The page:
On February 27, 1994, at approximately 1427 hours Pacific standard time (PST), a Cessna 150, N50765, registered to and being flown by Harold E. Hedrick, a commercially certificated pilot, sustained substantial damage when the aircraft nosed over during a forced landing following a power loss near Clarkston, Washington. The pilot and passenger were uninjured. Visual meteorological conditions prevailed and no flight plan had been filed. The flight, which was personal in nature, was to have been operated in accordance with the requirements set forth in 14CFR91, and originated from Lewiston, Idaho, at approximately 1345 hours. Use your browsers 'back' function to return to synopsisReturn to Query Page
The pilot reported that after several touch and go landings, he departed the pattern westbound. Shortly thereafter the engine began "sputtering" and he was unable to maintain altitude. He executed a forced landing to a plowed field landing approximately 60 degrees to the furrows (refer to photograph 01). During the rollout the nose wheel collapsed and the aircraft nosed over. The elevation of the accident site was approximately 450 feet above sea level (refer to CHART I).
The pilot report that the aircraft had a total of 20 gallons of automotive fuel aboard when it took off from the Lewiston Airport.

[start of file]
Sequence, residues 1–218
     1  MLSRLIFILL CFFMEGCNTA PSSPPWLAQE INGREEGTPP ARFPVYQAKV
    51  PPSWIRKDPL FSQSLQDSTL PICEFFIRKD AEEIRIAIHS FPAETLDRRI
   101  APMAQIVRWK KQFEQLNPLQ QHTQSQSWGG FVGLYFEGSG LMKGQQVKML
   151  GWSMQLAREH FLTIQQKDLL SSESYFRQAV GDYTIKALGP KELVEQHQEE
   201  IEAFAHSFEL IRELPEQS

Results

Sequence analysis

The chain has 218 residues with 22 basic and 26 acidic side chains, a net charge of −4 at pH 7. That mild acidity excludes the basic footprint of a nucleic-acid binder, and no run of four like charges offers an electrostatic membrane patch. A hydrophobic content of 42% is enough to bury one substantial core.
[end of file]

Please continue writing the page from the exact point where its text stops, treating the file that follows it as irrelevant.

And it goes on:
The pilot was interviewed by telephone by the Investigator in Charge and reported that he applied carburetor heat, observed no change in engine performance, and returned the carburetor heat to the cold position.
The aircraft was transported to the facilities of Gustin Aviation at the Lewiston Airport, Lewiston, Idaho, following the accident. Mr. Ron Gustin examined the engine at that time and found no evidence of any mechanical malfunction.
Selected meteorological observing system (AMOS) reports taken at the Lewiston airport (elevation: 1,438 feet above sea level) on the afternoon of the accident were recorded as follows:
1349 hours: ceiling measured 1,100' broken; 2,100' overcast 10 miles visibility in light drizzle; temperature 40 deg F., dew point 34 deg. F.; winds 140 deg. (true) at 5 knots; altimeter 30.07 inches of Hg.
1409 hours: sky condition 1,000' scattered, ceiling measured 1,700' broken, 5,000' overcast; 10 miles visibility; temperature 40 deg F., dew point 33 deg. F.; winds 160 deg. (true) at 5 knots; altimeter 30.07 inches of Hg. remarks: drizzle ended at 1405 hours